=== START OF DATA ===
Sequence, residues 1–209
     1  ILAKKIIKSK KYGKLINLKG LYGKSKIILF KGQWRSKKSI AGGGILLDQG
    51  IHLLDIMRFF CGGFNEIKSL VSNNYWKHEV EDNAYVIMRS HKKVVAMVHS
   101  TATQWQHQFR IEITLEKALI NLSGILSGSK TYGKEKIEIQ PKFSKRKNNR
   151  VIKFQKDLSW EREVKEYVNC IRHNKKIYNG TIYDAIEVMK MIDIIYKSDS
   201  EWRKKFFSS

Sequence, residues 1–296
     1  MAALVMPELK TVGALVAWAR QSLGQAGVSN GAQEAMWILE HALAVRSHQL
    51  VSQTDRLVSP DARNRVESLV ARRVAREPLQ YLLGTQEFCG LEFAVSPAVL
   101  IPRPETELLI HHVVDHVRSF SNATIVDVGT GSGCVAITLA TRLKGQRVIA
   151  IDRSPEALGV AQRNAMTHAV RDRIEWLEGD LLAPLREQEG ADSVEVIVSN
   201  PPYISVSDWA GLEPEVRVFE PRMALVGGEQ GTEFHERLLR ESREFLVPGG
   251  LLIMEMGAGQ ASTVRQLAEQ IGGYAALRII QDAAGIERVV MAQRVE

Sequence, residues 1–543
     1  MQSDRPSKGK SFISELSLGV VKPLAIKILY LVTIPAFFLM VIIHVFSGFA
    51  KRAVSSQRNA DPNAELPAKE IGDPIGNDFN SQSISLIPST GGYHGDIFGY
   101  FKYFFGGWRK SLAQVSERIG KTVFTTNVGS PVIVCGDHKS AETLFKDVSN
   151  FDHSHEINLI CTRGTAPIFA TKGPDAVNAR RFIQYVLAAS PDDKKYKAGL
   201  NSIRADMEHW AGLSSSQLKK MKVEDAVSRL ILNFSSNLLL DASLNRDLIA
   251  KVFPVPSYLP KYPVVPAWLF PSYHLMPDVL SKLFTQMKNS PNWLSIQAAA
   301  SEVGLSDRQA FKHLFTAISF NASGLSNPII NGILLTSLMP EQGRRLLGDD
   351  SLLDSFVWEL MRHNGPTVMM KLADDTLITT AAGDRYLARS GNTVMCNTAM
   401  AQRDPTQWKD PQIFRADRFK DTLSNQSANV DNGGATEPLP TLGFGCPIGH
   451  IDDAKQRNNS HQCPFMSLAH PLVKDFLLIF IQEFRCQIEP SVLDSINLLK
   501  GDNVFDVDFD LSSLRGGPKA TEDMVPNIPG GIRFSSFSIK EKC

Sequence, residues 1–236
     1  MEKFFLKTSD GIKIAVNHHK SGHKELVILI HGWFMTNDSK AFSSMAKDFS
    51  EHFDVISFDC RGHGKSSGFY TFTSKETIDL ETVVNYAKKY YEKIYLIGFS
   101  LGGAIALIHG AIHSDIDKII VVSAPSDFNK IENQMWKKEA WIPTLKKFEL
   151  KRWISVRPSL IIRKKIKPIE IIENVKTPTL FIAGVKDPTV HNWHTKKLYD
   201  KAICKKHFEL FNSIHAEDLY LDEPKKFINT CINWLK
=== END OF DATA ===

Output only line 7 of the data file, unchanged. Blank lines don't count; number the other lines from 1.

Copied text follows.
Sequence, residues 1–296